Adolph Apel had experimented with the concept of two forward planing surfaces before. Tech, Jr., a 1915 Ventnor hull, owned by Coleman DuPont, had been so equipped. But the boat had such difficulty in cornering that the idea was abandoned.
As for the suicide boats, thirteen or fourteen of them were sent over to China, and no one seems to know what ever happened to them. As far as is known, they were never used in a war situation for the purpose that they were intended.
With one suicide boat still remaining to be shipped overseas, the money from the Chinese government inexplicably stopped. So, this last boat wasn't sent but rather was placed in storage at the Ventnor plant. It was this craft that was acquired by Rutherfurd and became the trend-setting Juno. And it was the overnight success of this "suicide-boat-turned-racing-craft" that made believers out of a lot of people. Indeed many felt that only refinement of the Ventnor three-point concept was all that stood between the time-honored step hydroplane and obsolescence.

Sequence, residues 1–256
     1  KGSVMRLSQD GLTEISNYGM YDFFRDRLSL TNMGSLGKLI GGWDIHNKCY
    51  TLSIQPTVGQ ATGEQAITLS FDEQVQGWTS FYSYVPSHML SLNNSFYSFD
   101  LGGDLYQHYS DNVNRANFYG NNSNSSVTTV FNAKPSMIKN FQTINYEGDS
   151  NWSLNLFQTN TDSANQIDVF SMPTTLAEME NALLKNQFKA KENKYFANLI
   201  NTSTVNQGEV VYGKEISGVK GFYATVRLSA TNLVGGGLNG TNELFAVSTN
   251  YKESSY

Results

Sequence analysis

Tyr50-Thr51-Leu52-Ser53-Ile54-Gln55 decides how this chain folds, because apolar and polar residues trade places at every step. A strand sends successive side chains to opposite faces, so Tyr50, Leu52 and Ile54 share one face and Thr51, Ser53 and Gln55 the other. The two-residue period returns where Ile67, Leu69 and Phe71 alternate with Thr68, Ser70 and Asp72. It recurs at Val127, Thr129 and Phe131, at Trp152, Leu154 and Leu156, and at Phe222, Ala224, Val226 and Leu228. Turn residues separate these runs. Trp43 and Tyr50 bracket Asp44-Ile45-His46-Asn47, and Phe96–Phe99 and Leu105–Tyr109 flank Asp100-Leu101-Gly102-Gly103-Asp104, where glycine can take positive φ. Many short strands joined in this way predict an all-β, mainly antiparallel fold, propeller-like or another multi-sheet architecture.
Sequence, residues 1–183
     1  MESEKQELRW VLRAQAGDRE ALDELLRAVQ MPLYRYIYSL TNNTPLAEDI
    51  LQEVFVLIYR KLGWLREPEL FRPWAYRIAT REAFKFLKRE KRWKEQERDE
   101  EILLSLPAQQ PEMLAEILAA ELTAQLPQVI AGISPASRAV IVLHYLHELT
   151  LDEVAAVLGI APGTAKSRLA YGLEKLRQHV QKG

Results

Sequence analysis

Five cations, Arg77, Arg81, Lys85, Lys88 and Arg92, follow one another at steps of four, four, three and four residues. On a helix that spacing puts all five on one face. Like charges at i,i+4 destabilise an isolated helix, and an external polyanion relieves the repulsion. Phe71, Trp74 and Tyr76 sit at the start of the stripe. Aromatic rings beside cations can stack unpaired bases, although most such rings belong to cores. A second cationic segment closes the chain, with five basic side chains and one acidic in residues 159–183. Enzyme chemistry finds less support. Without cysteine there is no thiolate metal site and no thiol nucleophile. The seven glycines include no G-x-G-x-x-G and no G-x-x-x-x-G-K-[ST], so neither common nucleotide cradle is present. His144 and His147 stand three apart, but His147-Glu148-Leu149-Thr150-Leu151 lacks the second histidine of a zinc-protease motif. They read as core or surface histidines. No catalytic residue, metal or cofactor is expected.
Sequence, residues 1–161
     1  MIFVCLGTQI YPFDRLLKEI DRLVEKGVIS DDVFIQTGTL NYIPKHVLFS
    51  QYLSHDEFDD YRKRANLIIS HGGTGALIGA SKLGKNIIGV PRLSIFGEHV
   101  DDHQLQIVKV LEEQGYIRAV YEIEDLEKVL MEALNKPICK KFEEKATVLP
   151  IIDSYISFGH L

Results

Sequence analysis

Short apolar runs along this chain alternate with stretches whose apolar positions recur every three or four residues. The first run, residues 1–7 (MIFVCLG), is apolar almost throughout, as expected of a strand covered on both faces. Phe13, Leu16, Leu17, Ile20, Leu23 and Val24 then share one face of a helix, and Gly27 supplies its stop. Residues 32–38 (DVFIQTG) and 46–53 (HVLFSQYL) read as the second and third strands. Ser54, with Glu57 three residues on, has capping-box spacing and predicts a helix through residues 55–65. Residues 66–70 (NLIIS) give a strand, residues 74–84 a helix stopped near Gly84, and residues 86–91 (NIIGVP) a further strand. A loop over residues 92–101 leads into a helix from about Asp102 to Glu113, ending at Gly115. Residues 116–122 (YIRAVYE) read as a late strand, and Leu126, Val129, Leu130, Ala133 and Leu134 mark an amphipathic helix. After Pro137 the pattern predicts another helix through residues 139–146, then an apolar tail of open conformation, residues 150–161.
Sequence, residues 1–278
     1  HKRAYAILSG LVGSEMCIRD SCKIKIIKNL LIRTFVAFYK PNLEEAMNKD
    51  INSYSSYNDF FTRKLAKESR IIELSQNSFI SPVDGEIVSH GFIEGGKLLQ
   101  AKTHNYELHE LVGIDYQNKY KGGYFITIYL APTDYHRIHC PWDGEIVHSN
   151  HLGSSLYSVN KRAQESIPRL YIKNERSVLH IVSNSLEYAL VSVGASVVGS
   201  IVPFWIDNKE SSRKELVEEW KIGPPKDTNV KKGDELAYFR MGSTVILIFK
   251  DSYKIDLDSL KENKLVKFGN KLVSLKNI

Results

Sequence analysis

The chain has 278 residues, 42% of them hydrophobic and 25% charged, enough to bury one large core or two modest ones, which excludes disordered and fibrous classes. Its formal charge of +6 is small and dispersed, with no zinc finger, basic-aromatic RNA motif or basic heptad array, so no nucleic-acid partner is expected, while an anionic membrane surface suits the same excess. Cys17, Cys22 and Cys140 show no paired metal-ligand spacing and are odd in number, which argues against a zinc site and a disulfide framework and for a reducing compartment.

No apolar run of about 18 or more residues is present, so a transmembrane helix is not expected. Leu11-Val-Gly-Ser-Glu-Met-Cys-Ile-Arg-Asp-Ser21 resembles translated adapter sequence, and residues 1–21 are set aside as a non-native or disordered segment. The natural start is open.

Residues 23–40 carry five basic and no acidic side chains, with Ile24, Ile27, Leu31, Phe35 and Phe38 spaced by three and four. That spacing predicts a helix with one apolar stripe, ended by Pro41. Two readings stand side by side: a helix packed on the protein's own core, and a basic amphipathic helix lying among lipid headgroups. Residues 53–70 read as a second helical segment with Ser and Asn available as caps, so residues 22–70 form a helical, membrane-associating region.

The Juno's 84 mile an hour standard for 625 cubic inch unsupercharged Gold Cup Class boats was all the more remarkable considering that this was faster than the 625 cubic inch supercharged Gold Cup Class record of 82.298. (This was set by Clell Perry and the Notre Dame on the following day and on the same body of water.)
The old-style boats, nevertheless, still had a lot of life in them in 1937, the Juno's success at Washington, D.C., not withstanding. The fast-steppers would continue to be a factor in Gold Cup and Unlimited Class racing for another two decades. On the same weekend as the Juno's and the Notre Dame's straightaway achievements, Count Theo Rossi's Alagi, an Italian step hydroplane, set an American 12-Litre Gold Cup Class record of 91.408 over the measured mile.
In the first heat of the 1937 President's Cup, the forces of new and old met head on. Juno the three-pointer and Notre Dame the fast-stepper battled on even terms the entire distance with the defending champion Rutherfurd taking it at 65.265. Perry did 64.516, while Rossi and Alagi checked in third at 63.069.